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I have a 1989 1500 that is running rich at idle.
About a year ago I noticed that if ya didn't get the bike out of the garage as soon as ya got it started the fumes would get to you.
Before that I could start the bike and we could get our jackets and helmets on the ride it out of the garage.
I have tried running sea foam every other tank of gas but that hasn't made any differance.

It has a new air filter and the choke seem to be working correctly.

Today I deceided to pull the carbs to rebuild. When I pulled them apart, they were as clean as new. The float were set at 7.5mm.
The plugs look like the day I put them in.
The bike runs good, just the problem with it running rich at idle.
What am I missing, any ideas would great.

THANK'S
 

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How old are the spark plugs?

Are you using 87 octane gas? Higher octanes will cause the problem you refer to because the gas does not burn completely before it is exhausted out the pipe. These motors have a low compression ratio, so 91 Octane is not better. It just raises the combustion flame point.

And lastly, are you being forced to use the higher concentrations of ethanol in your fuel? That stuff I don't agree with.
 

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Did you check out the spark plugs condition before pulling the carbs? You could have gone to more work than you needed to by pulling the carbs, if say only the mixture needed adjustment.
 

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one of the inrichment valves may be leaking a little gas past the stop position when you pulled the plugs had you the bike idleing for a while and if so what colour were they if clear and not sooty you may have an exhaust leak around the headders or the colloctor box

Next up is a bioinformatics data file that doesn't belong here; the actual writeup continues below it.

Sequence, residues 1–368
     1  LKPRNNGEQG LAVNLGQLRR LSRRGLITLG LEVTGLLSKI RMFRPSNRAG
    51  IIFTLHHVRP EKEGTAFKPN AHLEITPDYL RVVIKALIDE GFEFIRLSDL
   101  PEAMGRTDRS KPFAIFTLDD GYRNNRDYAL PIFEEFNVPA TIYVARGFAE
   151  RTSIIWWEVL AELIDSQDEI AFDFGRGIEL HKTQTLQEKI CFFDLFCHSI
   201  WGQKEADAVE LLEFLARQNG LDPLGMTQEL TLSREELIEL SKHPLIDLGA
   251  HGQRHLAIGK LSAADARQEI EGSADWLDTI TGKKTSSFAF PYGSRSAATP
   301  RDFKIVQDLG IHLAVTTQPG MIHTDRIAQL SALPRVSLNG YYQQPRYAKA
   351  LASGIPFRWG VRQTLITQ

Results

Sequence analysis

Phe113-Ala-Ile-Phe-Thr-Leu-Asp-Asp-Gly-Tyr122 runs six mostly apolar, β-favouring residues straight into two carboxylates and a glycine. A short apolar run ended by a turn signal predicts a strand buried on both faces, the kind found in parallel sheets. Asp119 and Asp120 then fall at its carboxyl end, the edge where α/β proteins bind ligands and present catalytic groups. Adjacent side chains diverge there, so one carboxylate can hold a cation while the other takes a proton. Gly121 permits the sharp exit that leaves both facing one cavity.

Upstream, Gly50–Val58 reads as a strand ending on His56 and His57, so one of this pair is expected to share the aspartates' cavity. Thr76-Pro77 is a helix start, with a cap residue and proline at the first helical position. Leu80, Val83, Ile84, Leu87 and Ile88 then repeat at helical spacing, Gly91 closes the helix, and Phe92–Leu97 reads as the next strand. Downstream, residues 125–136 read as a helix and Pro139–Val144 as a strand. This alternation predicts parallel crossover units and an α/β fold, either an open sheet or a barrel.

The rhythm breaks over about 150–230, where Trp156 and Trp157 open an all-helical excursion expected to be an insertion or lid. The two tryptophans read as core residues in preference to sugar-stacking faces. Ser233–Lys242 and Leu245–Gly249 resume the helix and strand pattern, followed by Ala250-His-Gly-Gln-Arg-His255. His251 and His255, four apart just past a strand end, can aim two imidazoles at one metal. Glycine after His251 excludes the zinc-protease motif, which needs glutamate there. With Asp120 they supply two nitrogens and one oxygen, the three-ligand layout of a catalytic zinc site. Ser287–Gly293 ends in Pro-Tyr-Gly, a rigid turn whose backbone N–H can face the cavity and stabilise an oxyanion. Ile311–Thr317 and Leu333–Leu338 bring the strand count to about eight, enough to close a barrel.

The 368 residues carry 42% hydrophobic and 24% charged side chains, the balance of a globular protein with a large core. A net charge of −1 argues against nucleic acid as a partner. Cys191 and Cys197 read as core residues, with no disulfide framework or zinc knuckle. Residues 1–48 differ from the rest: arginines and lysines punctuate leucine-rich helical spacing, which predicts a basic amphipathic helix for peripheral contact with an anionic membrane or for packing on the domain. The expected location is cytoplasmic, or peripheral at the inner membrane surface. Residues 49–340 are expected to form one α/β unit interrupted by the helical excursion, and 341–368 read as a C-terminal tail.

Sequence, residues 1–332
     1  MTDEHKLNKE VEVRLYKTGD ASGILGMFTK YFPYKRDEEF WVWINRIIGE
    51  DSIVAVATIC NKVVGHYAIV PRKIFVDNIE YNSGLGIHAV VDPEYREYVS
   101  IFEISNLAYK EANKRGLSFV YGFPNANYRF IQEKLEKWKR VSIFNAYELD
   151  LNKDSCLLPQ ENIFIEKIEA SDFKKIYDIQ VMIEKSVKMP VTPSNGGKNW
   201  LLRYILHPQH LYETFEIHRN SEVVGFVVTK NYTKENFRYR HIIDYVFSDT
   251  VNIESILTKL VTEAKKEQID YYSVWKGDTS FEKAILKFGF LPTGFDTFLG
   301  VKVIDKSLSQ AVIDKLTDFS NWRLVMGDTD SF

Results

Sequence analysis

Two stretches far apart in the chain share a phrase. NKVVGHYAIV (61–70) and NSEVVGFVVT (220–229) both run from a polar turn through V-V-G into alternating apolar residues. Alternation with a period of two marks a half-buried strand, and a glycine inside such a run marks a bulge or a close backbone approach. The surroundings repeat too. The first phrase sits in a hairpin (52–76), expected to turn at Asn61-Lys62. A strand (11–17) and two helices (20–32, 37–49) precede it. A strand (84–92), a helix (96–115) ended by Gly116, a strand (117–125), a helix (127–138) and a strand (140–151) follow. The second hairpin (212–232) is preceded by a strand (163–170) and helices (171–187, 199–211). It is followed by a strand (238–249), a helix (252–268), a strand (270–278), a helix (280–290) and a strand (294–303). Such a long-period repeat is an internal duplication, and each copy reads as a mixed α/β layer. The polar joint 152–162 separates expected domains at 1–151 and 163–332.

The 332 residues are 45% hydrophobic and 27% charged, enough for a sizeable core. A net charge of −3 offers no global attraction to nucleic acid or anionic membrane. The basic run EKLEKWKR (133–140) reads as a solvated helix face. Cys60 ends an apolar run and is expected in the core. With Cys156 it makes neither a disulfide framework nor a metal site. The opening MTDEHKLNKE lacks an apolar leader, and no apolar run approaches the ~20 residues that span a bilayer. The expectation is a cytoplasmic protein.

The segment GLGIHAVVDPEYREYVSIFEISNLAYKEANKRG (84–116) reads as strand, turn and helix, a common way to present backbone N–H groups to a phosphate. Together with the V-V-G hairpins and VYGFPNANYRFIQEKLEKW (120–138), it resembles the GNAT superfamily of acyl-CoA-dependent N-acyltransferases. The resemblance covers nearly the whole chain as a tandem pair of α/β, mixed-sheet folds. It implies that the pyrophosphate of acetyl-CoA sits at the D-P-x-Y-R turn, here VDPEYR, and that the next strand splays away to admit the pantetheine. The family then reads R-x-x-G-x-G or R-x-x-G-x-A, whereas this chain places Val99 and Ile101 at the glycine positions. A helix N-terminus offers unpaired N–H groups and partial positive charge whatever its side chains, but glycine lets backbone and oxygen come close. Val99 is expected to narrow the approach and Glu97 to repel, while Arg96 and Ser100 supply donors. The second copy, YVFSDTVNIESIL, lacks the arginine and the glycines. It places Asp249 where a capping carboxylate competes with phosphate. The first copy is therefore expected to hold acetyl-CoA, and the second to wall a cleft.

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Today I deceided to pull the carbs to rebuild. When I pulled them apart, they were as clean as new. The float were set at 7.5mm.
The plugs look like the day I put them in.
If your plugs did not show any signs of a rich mixture, I would not have pulled the carb.

Many folks have the opposite problem on these 1500s. The dreaded "hesitation".

I would much rather have this damn carb run a little richer on this 1500. The notoriou hesitation is a very very bad nuisance.

Re-adjusting the floats or changing the jets would lean the F/A mixture. But, if you go too far, you would then have the lean dead spot hesitation. But, you said your plugs were clean.

I commend you for pulling the carbs. Many cop out and take the easy way out. For lean carbs, fuel additives such as Seafoam is used to hopefully clear the jets. tBut, there is much truth to this. I am not a fan of fuel additives, but working on these carb is a tremendous task. But, in your case, you are running rich.

Since you have already tackled Humpty Dumpty, I am sure you will try a lean/tweek the carb a little while you are there. If you do succeed, great. If not, try and try again.Many want to do itright the first time... for many, the first time is Seafoam for lean F/A mixtures.